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Teaching Beyond Holmes Hall

As a Residential College, our primary academic ‘home’ for student learning is centered within Holmes Hall. However, there are a number of opportunities to move teaching and learning classroom the confines of campus. The predominant offerings from MSU include study abroad and study away (with larger programmatic components); individual course instruction as fully off-campus or on/off-campus combined courses; opportunities to enhance your on-campus course with a course excursion(s), and on-line courses. Each of these opportunities is briefly outlined below with recent examples. Note that the LBC Assistant Dean assists faculty in planning and budgeting for study abroad, study away, and on-line courses, and the LBC Dean oversees financial support for class excursions and arts enrichment. (LBC has not yet ventured into fully off-campus or combined offerings.)


Study Abroad

Study Abroad is a designation for programs containing courses offered outside the 50 United States and its territories. The predominant models are Faculty-led, Exchange, Collaborative, Provider, and Consortium; details are here.

Programs are offered throughout the academic year, but for science students the typical selection is a faculty-led program occurring in the summer or during winter or spring breaks.

The funding model is based on two separate elements: tuition income and program fees.

    • Tuition income: The amount of this income is derived by formula, based on how many credits each enrolled student will take and therefore how much tuition each will pay. Once the total is determined, ISP takes a 38% tax off the top. The balance supports faculty salary and instructional expenses. In other words, the amount of tuition income is fixed and we must adjust salary and instructional expenses to fit within that set amount.
    • Program Fees: These are used to support items such as per diem, meals, lodging, and on-site travel for all program participants (faculty and students). We determine how much to charge in program fees in order to cover the expenses that we anticipate the program will incur. We try to be as frugal as possible to minimize the financial barrier for students.

    Recent examples:

SUMMER

SPRING BREAK


Study Away

Study Away is a designation for programs containing courses not offered on the East Lansing or Kellogg Biological Station campuses within the 50 United States. The funding model is similar to study abroad: tuition income supports faculty salary and instructional expenses, and program fees support items such as per diem, meals, lodging, and on-site travel.

Recent examples:

    • History of Science course in Friday Harbor, WA (Spring Break).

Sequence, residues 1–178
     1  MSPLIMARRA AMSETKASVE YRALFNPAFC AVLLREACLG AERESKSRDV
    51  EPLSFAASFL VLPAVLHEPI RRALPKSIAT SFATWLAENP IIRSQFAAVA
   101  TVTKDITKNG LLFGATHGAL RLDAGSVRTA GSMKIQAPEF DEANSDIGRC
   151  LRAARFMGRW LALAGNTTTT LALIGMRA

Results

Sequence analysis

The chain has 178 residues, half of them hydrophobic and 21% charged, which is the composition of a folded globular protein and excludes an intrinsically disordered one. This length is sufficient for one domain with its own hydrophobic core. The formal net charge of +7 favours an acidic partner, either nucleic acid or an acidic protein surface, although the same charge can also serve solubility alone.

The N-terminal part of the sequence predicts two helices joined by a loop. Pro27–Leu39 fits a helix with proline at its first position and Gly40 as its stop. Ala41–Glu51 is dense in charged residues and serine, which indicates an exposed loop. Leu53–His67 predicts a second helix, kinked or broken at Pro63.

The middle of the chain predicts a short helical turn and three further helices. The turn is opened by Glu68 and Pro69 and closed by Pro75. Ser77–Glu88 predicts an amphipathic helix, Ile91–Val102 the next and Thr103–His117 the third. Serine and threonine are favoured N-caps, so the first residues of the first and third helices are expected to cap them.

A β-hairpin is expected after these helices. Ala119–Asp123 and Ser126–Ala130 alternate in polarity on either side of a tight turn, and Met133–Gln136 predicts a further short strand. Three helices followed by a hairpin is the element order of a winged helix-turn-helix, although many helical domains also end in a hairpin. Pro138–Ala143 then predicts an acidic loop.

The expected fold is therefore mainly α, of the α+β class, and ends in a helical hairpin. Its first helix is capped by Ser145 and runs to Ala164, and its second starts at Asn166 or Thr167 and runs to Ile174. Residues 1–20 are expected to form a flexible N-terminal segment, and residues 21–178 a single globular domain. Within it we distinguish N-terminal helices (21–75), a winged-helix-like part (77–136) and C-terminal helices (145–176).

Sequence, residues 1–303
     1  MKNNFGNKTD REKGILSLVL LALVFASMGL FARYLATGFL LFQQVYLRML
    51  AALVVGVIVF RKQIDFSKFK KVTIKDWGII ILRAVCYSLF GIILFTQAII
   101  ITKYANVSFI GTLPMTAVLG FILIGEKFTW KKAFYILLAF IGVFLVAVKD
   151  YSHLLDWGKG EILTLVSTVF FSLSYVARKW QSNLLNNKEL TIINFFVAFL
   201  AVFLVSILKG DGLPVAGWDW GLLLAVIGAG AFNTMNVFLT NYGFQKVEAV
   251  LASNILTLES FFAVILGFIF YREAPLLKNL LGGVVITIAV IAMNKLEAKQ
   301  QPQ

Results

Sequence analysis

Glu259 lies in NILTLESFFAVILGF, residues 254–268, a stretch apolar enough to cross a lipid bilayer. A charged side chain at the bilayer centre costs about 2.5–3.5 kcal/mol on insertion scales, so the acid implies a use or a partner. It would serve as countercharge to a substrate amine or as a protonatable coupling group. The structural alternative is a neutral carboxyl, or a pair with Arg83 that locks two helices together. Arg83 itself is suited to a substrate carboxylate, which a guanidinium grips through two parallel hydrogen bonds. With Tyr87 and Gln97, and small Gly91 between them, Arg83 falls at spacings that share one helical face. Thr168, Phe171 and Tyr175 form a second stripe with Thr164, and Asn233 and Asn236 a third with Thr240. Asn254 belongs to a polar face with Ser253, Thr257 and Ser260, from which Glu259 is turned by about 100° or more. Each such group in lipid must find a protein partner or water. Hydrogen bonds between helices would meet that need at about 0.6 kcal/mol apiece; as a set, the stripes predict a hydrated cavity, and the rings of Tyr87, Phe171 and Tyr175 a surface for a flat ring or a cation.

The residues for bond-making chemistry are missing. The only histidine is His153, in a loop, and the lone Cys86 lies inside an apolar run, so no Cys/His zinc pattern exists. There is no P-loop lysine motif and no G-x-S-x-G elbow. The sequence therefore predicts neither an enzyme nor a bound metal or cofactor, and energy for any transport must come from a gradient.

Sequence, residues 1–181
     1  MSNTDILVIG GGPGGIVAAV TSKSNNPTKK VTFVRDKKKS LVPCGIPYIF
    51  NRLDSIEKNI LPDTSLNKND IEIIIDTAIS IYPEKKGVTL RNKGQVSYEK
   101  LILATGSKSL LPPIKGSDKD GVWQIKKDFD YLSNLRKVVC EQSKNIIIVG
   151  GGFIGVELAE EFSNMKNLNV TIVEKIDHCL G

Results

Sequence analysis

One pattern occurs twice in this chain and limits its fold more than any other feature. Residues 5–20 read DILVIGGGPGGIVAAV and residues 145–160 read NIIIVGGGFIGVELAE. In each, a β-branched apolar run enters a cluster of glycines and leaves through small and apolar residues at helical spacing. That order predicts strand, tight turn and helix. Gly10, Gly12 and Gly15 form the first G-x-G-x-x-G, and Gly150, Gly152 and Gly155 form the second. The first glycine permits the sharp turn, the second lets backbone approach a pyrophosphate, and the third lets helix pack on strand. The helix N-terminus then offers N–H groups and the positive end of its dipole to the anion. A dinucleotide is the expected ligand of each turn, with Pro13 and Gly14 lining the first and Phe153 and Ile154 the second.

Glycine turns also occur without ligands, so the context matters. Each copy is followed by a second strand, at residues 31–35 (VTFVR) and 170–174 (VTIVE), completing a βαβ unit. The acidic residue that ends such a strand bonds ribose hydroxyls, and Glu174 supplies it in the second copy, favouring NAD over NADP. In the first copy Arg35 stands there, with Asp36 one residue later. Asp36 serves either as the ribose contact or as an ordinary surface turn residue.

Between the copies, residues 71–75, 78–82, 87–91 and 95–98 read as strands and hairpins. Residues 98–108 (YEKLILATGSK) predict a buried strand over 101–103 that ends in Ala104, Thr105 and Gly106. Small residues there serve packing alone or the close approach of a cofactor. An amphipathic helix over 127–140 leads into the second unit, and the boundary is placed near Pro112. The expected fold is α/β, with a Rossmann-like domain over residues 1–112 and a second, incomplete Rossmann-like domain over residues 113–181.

• Natural Environment (Nature Writing) course in Isle Royale, MI (Summer).

Course Excursions

Each LB course is provided with funds to support teaching and learning within the curriculum. Faculty may use these funds to support excursions or site visits to complement the East Lansing learning environment. LBC also has an Arts Enrichment Endowment Fund to support excursions and activities that bridge the arts and sciences; faculty may request support from this fund by e-mailing the Dean. The Center for Service Learning and Civic Engagement offers this Day of Service Toolkit to help plan such events.

Recent examples:

    • Excursions to Potter Park Zoo in Lansing
    • Site visit to Kellogg’s in Battle Creek
    • Visits to Field Museums in Chicago
    • Taking groups of students to a play in Williamston

Off-Campus Courses

Off-Campus courses are designations for individual courses (not programs like study abroad/away) fully offered in locations other than the East Lansing or Kellogg Biological Station during our regular scheduled terms (usually in Michigan). The funding model is similar to study away in support of instruction, but there is typically no program fee as it is a course. LBC has intentionally refrained from off-campus courses as it strays from our primary mission as a residential college. Faculty interested in pursuing off-campus instruction should consult their disciplinary group along with the Dean (finance & load) and Assistant Dean (enrollment management) to investigate the feasibility.

Recent examples:

    • CEM 251 - Organic Chemistry offered in Grand Rapids, Farmington Hills, Ann Arbor, and Troy summer 2013
    • PHL 344 - Ethical Issues in Health Care offered in West Bloomfield summer 2013

Combined Courses

Combined courses are predominantly off-campus courses with some components (<50%) offered on-campus. The funding model is unique and is built off of a number of factors including the actual tuition rate of the student and the percent of time in each location. LBC has intentionally refrained from combined courses as it strays from our primary mission as a residential college. Faculty interested in pursuing such options should consult their disciplinary group along with the Dean (finance & load) and Assistant Dean (enrollment management) to investigate the feasibility.

Recent examples:

    • Difficult to find as most have moved to fully on-line or off-campus status.

On-line Courses

LBC on-line courses are currently only offered in the summer semester. The funding model is unique to each course, depending on the size of enrollment, composition of the class, cost of course materials, and the nature of instruction. LBC currently has two distinct courses: Medical Terminology - an elective to prepare students for advanced study in allied health; and Prepatory Physics - a preparatory class to build skills for success in Physics I and II.

Recent examples:

    • LB 270 - Medical Terminology (Summer)
    • LB 105C - Prepatory - Physics (Summer)